Interestingly enough, the grass embryo might be one factor that contributes to their reproductive success. Unlike other plants in their order (the Poales), which consist of undifferentiated cells, the embryos of grasses is already differentiated into specialized tissues, including the root, a shoot with leaf initials, and a specialized structure called the scutellum, which digests endosperm and moves it to the rest of the embryo. 

Bromus tectorum can flower within 5 weeks of germination 

3. Environmental Flexibility

The Poaceae as a whole occupy all the environmental niches available to angiosperms. This ability is related to the amazing flexibility of the grasses when it comes to adapting to various environments.

For example, grasses have the ability to survive in the widest range of temperatures among plants, with Deschampsia antartica able to live down to -10 degrees C (with an optimum of 10 degrees), and Dichanthelium thermale able to tolerate up to 65 degrees C in the active geothermal areas of Yellowstone National Park. The evolution of freezing tolerance in the family in particular opened up vast areas of the colder parts of the world to colonization by the grasses.

Another example of the ability of members of the Poaceae to exist in extreme environments is the large number of halophytes in the family. Halophytes are organisms that are very tolerant of high salt concentrations, and the grass family is second only to the Amaranthaceae in the number of species that are halophytes (Moray et al, 2015), with studies indicating that salt tolerance evolved independently at least 70 times in the family (Bennett et al, 2013).

This ability to flourish in a wide range of environments is founded on various traits. As an example, the Poaceae exhibits all 3 different types of photosynthesis (C3, C4, and CAM)an attribute it shares with only 8 other plant families. Since the the type of photosynthesis used by a plant greatly influences where it grows best, this means the Poaceae is capable of existing in innumerable and varied environments. 

The Poaceae also have a strong propensity to readily absorb novel genetic information from  their environment, and incorporate them into their own genome (Hibdige et al, 2021). They do this via a process called Lateral Gene Transfer (LGT), where a species can acquire new adaptive genes and traits from completely different species without any sexual reproduction. Such instances of LGT are an amazing way for a grass to "leap frog" the slower evolutionary pathways and suddenly acquire traits that allow them to survive in extreme and varied environments.

Muhlenbergia capillaris is a salt tolerant dune grass

4. Flexible growth forms and phenotypic plasticity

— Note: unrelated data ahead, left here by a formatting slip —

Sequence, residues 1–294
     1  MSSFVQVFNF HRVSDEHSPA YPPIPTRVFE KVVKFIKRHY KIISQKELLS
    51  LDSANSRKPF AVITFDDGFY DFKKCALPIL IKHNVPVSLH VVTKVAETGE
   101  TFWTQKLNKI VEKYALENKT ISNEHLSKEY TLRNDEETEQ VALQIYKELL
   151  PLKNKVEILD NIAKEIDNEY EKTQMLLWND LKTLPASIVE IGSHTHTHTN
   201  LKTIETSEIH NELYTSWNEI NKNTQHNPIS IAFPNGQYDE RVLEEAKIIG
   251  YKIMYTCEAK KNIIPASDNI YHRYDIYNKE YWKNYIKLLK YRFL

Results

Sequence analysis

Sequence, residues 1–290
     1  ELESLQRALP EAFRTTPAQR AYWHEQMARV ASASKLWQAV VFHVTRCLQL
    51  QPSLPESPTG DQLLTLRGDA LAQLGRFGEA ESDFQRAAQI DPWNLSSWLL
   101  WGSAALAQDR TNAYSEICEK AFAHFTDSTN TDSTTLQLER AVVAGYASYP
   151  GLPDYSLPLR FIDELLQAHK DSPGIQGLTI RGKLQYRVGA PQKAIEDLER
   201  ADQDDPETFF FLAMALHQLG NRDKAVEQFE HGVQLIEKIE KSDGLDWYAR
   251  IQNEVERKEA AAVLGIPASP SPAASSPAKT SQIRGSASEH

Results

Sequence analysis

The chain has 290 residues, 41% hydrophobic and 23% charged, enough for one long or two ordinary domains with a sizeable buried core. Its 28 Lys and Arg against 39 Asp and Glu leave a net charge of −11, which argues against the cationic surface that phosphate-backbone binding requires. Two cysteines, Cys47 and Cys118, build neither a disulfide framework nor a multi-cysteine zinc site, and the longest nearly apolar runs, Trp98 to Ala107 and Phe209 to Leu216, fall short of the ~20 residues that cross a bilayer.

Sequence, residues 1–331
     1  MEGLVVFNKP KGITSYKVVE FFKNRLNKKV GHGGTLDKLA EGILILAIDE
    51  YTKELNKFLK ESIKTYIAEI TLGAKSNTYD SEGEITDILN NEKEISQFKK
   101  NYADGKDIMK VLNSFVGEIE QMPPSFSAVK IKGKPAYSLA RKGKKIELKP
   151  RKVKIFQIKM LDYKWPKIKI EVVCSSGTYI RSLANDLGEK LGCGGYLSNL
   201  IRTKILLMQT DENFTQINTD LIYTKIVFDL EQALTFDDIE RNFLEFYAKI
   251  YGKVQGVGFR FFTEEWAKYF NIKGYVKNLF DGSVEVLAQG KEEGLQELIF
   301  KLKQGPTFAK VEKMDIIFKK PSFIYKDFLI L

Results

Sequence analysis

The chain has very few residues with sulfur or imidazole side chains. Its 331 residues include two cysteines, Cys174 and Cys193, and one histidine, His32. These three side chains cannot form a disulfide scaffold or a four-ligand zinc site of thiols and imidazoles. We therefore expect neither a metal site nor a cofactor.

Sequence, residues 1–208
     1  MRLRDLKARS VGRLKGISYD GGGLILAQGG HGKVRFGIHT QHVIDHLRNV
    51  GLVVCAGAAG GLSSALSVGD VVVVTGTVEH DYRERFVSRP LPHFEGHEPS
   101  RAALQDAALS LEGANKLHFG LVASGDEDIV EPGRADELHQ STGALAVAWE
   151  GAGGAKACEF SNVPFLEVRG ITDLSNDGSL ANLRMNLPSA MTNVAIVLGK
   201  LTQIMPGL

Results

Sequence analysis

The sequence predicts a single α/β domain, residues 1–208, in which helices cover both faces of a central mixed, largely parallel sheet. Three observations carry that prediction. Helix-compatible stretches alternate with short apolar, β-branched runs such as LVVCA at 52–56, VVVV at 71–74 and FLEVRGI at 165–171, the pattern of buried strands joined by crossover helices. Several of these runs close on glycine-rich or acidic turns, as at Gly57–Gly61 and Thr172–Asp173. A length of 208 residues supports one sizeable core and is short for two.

Grasses have evolved  a variety of growth forms that allow them to adapt to almost any situation or event, whether it be (a) continuous defoliation, such as by herbivores, (b) periodic defoliation, such as in seasonal climates, or (c) competition against other plants such as in forests.

In terms of vertical reach, most grasses are low lying organisms, but some species are tall, and form towering grasslands that reach high above the height of a man (e.g. Saccharum spontaneum grasslands). Bamboos are even taller, and their woody stems allow them to reach the height of mature trees in shaded forests.

In terms of horizontal spread, some grasses are bunch grasses that form tussocks, while others spread horizontally via stolons (above ground horizontal shoots) or rhizomes (below ground horizontal shoots) to form (for example) the typical lawns. This type of growth is controlled mainly by whether the species has intravaginal innovation (new shoots originate from axillary buds within the leaf sheaths) or extravaginal innovation (new shoots grow from axillary buds outside the leaf sheaths). In the latter case, the result is the ability of the grass to spread horizontally and blanket an entire area.

The vast majority of grasses also exhibit hemicryptophyte growth, which means that their buds are at or near the soil surface. This is one of the key mechanisms that allows grasses to withstand repeated defoliation via grazing or fire, and thus create climax communities that demonstrate an alternative biome state. This trait also means grasses do not necessarily need to maintain above ground structures during periods of extreme stress, such as droughts and cold, and it is the common reason that people assume grasses are so successful.

Bamboo sp (probably Bambusa vulgaris)

5. Transformation of Environments